Shatta showed me another painting, “This painting, it’s an ear, listening to the universe. You can see here that we connect together. I like to be at a higher place. I feel like I am owning the world. It is good sometimes to see ourselves that way. No one [else] can give that to us.”

Shatta often got asked whether he got inspired by “Norwegian this and that” and he told them, “[…] yes I did get inspired, but we don’t have to take it as figures or colours. Because I am in Norway, I am able to create this in this safe space. Because of this, I made this. There is always inspiration everywhere.”

Art – a Double-edged sword for Shatta

A threat came to him and his family that changed the trajectory of his life in 2012 and solidified his move to Europe. An exhibit in Sudan that invited the British ambassador to see his photos of the beauty of the Nabu mountains where he grew up was a sensitive region. After being expelled from university, he realised just how serious the situation was. However, his childhood hardship and political threats didn’t stop Khalid Shatta from pursuing his art. He applied to numerous art contests and won one, sending him to Paris for the launch of the report, 2012 EFA Global Monitoring Report on Youth, Skills and Work, which was mentioned before.

For Shatta, art never disappointed him, even in troubled time, “Art can put you in trouble, and it can also save you. Through art, I’m trying to change the world.”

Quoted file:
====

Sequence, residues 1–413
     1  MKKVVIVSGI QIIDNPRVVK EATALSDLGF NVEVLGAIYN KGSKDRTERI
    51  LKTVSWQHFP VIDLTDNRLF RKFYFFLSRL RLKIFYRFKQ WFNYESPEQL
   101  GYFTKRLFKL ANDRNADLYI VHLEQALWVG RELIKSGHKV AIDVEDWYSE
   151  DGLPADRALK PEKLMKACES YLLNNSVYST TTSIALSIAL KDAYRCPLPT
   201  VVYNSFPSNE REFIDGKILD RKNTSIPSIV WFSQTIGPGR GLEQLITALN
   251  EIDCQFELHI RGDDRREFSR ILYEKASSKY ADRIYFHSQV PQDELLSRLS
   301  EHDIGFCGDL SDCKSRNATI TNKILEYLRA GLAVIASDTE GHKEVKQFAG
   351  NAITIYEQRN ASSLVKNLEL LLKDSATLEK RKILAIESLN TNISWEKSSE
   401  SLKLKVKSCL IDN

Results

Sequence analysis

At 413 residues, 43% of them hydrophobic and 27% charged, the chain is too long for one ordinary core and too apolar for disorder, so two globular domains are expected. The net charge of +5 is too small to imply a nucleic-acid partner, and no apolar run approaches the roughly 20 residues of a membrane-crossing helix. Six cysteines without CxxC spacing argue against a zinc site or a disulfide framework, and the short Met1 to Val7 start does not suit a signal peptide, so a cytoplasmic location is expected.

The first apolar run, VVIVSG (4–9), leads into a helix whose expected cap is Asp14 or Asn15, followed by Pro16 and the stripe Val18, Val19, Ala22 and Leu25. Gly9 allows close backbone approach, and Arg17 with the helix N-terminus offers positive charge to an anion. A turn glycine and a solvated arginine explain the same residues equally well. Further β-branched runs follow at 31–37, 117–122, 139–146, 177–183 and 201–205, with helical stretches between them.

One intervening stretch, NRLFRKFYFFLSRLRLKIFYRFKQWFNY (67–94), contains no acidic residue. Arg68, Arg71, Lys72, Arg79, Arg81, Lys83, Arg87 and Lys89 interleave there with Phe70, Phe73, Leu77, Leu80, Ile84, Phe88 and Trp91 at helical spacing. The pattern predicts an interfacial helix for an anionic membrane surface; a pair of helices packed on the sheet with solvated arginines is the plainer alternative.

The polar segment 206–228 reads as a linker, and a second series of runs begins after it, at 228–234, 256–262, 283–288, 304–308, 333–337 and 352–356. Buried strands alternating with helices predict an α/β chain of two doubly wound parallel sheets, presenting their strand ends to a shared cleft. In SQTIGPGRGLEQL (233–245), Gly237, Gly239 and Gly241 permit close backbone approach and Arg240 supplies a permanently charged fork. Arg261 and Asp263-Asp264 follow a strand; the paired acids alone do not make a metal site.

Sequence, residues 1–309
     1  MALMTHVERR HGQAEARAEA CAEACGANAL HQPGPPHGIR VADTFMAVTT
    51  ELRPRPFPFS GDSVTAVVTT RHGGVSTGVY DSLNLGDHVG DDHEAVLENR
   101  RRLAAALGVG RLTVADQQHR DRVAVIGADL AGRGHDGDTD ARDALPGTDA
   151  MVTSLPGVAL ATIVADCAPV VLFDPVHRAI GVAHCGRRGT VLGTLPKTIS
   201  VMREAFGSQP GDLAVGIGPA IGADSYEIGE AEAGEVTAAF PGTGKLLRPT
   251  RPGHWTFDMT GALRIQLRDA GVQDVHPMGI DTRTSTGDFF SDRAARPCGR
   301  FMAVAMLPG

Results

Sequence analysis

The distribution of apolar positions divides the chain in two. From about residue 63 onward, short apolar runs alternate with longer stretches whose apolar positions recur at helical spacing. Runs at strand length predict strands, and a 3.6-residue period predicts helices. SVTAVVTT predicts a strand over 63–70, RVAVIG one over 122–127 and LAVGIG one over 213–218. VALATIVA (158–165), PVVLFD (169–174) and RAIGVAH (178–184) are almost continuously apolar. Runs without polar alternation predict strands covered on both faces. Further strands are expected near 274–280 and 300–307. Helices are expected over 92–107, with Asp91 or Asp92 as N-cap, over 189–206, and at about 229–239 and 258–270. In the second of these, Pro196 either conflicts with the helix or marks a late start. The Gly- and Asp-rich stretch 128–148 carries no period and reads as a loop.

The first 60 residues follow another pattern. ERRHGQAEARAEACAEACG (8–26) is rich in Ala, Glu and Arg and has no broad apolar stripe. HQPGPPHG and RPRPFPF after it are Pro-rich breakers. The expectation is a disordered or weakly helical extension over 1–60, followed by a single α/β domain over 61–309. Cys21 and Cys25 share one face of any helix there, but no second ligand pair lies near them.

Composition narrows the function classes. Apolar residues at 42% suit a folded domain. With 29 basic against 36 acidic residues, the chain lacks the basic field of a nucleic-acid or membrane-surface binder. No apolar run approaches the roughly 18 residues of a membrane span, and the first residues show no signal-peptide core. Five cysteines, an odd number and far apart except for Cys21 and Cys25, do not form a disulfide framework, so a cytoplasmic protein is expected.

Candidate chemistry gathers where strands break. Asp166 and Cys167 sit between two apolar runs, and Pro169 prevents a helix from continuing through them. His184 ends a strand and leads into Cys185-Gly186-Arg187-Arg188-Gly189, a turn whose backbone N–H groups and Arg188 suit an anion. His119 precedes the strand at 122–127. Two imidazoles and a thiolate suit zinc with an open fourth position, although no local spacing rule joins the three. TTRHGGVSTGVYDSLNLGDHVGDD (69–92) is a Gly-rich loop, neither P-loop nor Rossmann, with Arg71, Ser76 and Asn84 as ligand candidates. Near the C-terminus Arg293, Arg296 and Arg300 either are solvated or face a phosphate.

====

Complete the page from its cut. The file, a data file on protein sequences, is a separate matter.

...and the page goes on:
In the future, Shatta said he will continue working on his theme “Migration of the Soul” to introduce sculptures and performing art into this body of work, “I think there is more to come. Art is bigger than my own imagination. I feel that something is coming.” He added further, “The future is always bright when we understand our time.”

Follow Art Khalid Shatta Facebook page: /Shatta.art

This article is part of a journal series produced by The Oslo Desk in collaboration with Oslo Afro Arts Festival.  

Ka Man Mak

Ka Man is an investigative journalist, documentary photographer, and social entrepreneur, as well as the founder of The Oslo Desk. She is a British-born Hong Konger residing in Oslo, Norway. She holds a Master in Environmental Geoscience and have taken numerous diplomas including child psychology, and a course in big data analytics at OsloMet. Made numerous publications in newsletters, magazines and Norwegian newspapers. Interested in edtech, constructive journalism, women in migration, Cantonese language, alternatives to capitalism and asylum policy.